chapter is rich in text examples which highlight the different discourse functions discussed and the chapter offers a range of discussion questions for student teachers which should enable them to use this approach to language teaching effectively in an L2 classroom.

Part two deals with strategies and techniques which can be used in the classroom and pays special attention to the implementation of teaching methodologies and underlying weighing of pros and cons of each approach. It consists of four chapters: “Grammar practice” by Penny Ur,

“Grammar teaching as consciousness raising” by Rod Ellis, “12 principles of grammar instruction”

by Jack C. Richards and Randi Reppen, and finally “Practical grammar teaching: grammar constructions and their relatives” by Eli Hinkel.

Chapter six (Ur) assesses grammar practice within different models of grammar teaching and the underlying learning theories. In the second part of the chapter, Ur focuses on the design of grammar practice activities and also provides discussion questions. Chapter seven (Ellis) focuses on types of consciousness in language learning (consciousness-as-noticing, consciousness-as- understanding, consciousness-as-control) and how these can be linked to different types of activities, which are richly exemplified. Chapter eight (Richards & Reppen) presents 12 principles for grammar instruction based on a view of grammar as both knowledge but also ability. The 12 points cover varied aspects of grammar teaching such as teaching awareness of differences between text types and written and spoken language over using corpora in grammar instruction to how to use student errors to inform teaching practice. Chapter nine (Hinkel) takes a practical view of grammar instruction and focuses on teaching academic writing from a construction grammar perspective. The chapter finishes by offering sample activities and ideas for teaching as well as discussion questions.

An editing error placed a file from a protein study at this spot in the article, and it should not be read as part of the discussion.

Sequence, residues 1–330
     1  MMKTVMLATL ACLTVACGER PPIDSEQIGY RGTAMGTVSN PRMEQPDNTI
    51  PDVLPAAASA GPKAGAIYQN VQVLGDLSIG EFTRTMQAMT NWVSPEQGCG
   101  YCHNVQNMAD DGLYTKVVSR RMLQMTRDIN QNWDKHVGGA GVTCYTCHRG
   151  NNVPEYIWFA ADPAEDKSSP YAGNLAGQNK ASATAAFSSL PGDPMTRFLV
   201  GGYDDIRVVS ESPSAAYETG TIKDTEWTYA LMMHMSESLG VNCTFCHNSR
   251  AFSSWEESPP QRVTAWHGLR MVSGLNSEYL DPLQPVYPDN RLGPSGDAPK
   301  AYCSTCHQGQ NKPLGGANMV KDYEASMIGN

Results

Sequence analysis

Furthermore, the chapter includes two appendices with constructions and formulaic sequences for speaking and participating in meetings as well as for use in written academic English. These appendices would be very valuable to learners of English on all levels.

The final part contains three chapters which look at grammar for productive skills, focusing on speaking and writing. The contributors to this section are Michael J. McCarthy who discusses

“Teaching grammar at the advanced level”, Dana R. Ferris who look at “Promoting grammar and language development in the writing class: why, what, how, and when” and Ken Hyland who provides suggestions for “Writing with attitude: conveying a stance in academic texts”. The chapters in this section highlight the importance of ensuring that learners acquire a high proficiency in grammar in order to strengthen their productive skills.

Chapter 10 (McCarthy) focuses on teaching grammar to advanced learners and attempts to establish what might constitute a syllabus at this level. He approaches this from the perspective of corpus linguistics and studies into spoken grammar from which he is able to draw several examples.

Chapter 11 (Ferris) discusses why, what, how and when it is possible to integrate grammar and vocabulary instruction effectively into a writing class. The chapter is rich in examples and offers a list of discussion questions at the end, a sample mini lesson in an appendix and guidance for conducting a language self-study project (aimed at language learners rather than TESOL students).

Finally, chapter 12 (Hyland) looks at how to convey stance in academic texts as many students are often advised to completely remove themselves from this type of writing. Hyland covers the use of hedges and first person pronouns as ways of conveying author attitudes in this particular style of writing. Again, the chapter features a range of tasks and examples as well as discussion questions for those wishing to reflect further on the topic covered in the chapter.